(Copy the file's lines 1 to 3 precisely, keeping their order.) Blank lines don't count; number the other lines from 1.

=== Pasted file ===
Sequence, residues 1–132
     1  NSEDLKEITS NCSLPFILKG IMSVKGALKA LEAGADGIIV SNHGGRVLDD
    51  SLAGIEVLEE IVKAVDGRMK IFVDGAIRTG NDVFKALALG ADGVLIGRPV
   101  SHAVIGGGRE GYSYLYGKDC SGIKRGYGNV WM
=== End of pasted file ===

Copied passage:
Sequence, residues 1–132
     1  NSEDLKEITS NCSLPFILKG IMSVKGALKA LEAGADGIIV SNHGGRVLDD
    51  SLAGIEVLEE IVKAVDGRMK IFVDGAIRTG NDVFKALALG ADGVLIGRPV